Least adder's-tongue facts for kids
Quick facts for kidsLeast adder's-tongue
Ophioglossum lusitanicum is a small winter annual fern, and consists of a simple sterile blade attached to a spike-like fertile blade with between three and eight sunken sporangia on either side. The whole plant rarely exceeds a height of 2 cm.
This species has a chromosome number of 2n = 250–260.
Ophioglossum lusitanicum is native to regions bordering the eastern North Atlantic Ocean in Mauritania, Macaronesia (excluding Cape Verde), Morocco, Portugal, France up to the Isles of Scilly and Channel Islands; all countries bordering the Mediterranean; the Caucasus Region and has some records in India and Vietnam.
The distribution in Britain is restricted to one small area of coastal heath on St Agnes, Isles of Scilly where it was discovered by John Raven in 1950. It grows in short turf on Wingletang Down where some of the colonies are suffering from an increase of competitive grasses, gorse (Ulex europaeus) and bramble (Rubus fruticosus). Ophioglossum lusitanicum is listed on Schedule 8 of the Wildlife and Countryside Act 1981, and is within a Site of Special Scientific Interest (SSSI).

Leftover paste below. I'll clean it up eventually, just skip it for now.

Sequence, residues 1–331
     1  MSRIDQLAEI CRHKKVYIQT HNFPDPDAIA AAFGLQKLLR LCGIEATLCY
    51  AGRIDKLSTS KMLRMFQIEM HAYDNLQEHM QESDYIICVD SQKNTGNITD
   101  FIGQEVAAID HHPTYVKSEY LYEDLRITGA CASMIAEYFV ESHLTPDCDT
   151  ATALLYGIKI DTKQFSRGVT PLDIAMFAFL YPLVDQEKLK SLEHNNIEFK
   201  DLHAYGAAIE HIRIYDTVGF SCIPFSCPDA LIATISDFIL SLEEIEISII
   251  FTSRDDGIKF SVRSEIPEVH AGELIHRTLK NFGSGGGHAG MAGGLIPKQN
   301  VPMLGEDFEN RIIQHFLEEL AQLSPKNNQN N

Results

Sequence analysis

In Australasia and South America, this species is represented by a subspecies, Ophioglossum lusitanicum subsp. coriaceum (A. Cunn.) R.T. Clausen
As this species is a winter annual, it requires a warm winter environment. In its British populations, it favours thin, unshaded, peaty soils in south-facing localities.
Ophioglossum lusitanicum subsp. coriaceum has a much broader ecological range in southern Australia, where habitats include damp open sites; from coast meadows to alpine grassland. It is found in New South Wales, Tasmania, Queensland, and other states.
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